Group shot of the children with James and I.
More of Albina's goodbyes.
Alina's teacher and friends were all very sad to say good-bye.
More good-byes for Maks.

Albina's teacher and friends.
Albina and her teacher.
More good-byes for Alina.
Albina and her best friend.  We really grew to love her (we were able to spend a lot of time with her as well as with our kids.)  It was so hard to say good-bye to her!  She is such a sweet, beautiful girl!

As soon as we said good-bye we were whisked out the door and heading off to the region capital to take care of more documents.  Maks got car sick, but fortunately we thought ahead and gave each of the kids a bag to hold just in case.  It still wasn't pleasant, but what can you do?

Once we finished with the kids passport applications, we had just enough time to run in and grab something to eat at: McDonald's.  Albina was less than thrilled at this option, but Maks was excited!  He had somehow gotten the idea that a hamburger was the same thing as a crabby patty and he thought that Sponge-bob was cooking in the kitchen.  However, once the hamburger and fries came, he quickly realized that he did NOT like McDonald's food (regardless of who was cooking it).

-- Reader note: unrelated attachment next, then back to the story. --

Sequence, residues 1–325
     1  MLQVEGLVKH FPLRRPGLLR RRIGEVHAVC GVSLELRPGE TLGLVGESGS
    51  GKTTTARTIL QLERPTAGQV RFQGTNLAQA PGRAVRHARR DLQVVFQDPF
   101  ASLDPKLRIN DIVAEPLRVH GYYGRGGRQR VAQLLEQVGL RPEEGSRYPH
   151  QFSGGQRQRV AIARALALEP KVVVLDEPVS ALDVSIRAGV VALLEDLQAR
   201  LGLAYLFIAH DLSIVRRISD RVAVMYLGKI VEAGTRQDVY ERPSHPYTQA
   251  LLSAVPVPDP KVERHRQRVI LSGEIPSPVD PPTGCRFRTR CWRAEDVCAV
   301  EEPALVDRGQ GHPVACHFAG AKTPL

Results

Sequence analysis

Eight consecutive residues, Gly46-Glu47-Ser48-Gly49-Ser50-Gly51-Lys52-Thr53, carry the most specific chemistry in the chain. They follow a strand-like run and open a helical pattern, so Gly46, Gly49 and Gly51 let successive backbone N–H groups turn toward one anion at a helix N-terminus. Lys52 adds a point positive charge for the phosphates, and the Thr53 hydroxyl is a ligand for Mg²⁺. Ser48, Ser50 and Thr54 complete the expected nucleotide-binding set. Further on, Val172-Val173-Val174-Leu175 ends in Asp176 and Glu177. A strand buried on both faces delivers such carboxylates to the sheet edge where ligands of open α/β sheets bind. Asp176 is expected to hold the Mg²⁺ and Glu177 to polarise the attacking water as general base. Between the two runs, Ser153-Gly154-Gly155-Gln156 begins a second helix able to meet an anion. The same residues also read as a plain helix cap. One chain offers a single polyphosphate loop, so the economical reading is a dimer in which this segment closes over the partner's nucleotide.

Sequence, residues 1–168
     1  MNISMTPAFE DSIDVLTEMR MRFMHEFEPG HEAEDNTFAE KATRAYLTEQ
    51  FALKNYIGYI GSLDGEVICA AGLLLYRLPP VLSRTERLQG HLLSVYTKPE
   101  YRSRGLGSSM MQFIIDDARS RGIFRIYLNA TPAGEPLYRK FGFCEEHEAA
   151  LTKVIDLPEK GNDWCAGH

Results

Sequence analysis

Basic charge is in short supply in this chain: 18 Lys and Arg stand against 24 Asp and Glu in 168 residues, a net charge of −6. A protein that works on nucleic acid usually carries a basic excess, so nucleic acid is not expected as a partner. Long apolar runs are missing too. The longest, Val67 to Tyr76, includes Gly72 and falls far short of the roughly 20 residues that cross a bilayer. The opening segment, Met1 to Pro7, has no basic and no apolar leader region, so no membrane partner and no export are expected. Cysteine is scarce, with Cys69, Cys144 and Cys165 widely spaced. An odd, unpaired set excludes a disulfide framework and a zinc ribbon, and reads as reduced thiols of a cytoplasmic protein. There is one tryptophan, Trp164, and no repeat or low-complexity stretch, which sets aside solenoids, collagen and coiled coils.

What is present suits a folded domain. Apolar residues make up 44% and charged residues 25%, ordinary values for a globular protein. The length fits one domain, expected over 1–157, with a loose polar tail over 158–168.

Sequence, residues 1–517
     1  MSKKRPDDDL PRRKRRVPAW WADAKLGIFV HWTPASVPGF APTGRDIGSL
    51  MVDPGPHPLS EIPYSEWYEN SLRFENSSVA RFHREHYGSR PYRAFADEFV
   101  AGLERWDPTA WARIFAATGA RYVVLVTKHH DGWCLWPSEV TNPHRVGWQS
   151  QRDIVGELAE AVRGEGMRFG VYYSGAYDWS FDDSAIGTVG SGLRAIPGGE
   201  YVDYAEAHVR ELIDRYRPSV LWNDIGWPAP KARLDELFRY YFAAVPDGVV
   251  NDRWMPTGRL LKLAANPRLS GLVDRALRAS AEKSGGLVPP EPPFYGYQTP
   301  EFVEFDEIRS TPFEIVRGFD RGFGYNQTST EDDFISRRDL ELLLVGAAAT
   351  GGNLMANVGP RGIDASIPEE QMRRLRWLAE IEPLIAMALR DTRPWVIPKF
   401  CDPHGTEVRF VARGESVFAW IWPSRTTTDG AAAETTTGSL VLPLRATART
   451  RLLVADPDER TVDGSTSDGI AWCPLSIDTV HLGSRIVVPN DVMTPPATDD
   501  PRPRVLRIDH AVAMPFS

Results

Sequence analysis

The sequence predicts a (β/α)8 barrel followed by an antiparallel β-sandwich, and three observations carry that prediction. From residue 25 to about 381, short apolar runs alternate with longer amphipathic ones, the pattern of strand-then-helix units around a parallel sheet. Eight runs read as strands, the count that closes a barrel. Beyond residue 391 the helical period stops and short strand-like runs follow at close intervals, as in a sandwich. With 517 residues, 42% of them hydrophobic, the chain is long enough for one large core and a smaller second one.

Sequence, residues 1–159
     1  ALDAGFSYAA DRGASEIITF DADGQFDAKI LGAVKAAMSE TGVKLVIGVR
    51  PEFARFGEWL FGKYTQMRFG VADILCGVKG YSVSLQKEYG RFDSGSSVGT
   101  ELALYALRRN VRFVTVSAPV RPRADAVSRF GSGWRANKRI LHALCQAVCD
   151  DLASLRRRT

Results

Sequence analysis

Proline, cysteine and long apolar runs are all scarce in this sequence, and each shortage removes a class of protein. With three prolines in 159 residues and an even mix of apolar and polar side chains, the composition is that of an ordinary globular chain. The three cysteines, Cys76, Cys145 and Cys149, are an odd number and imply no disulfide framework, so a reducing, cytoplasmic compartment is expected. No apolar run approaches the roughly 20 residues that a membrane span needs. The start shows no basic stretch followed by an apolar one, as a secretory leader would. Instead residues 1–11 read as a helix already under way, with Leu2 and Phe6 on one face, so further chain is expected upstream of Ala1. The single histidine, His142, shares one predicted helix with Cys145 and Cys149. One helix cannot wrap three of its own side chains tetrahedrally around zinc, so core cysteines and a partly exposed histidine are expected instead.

After eating, we got on the train and headed to Kyiv.  We were on the train all night and it was definitely the worst night sleep of the entire trip.  Maks was really excited with our adventure (he doesn't remember anything before the orphanage, and since he's been there he's never been able to leave, so this was all very new and exciting!)  He refused to go to sleep and got very mad at us when we turned off the lights and said it was time to sleep.  Once he fell asleep, Alina was wired and kept turning on her light.  Then she settled down and Maks woke up and started rummaging through luggage and bags of food.  This went on all night and I felt like we would NEVER get to Kyiv.

However, you'll be happy to know that we are no longer on the train.  We made it to Kyiv and will be here for a few days waiting for passports.  Once they arrive, we'll go to the US Embassy to finish up the final paperwork for traveling with our kids and then we get to go HOME!

As lovely as this trip has been, we are really missing our kids at home and are anxious to be reunited and have our entire family under one roof!  We can hardly wait, and are so grateful that we can now see the light at the end of the tunnel...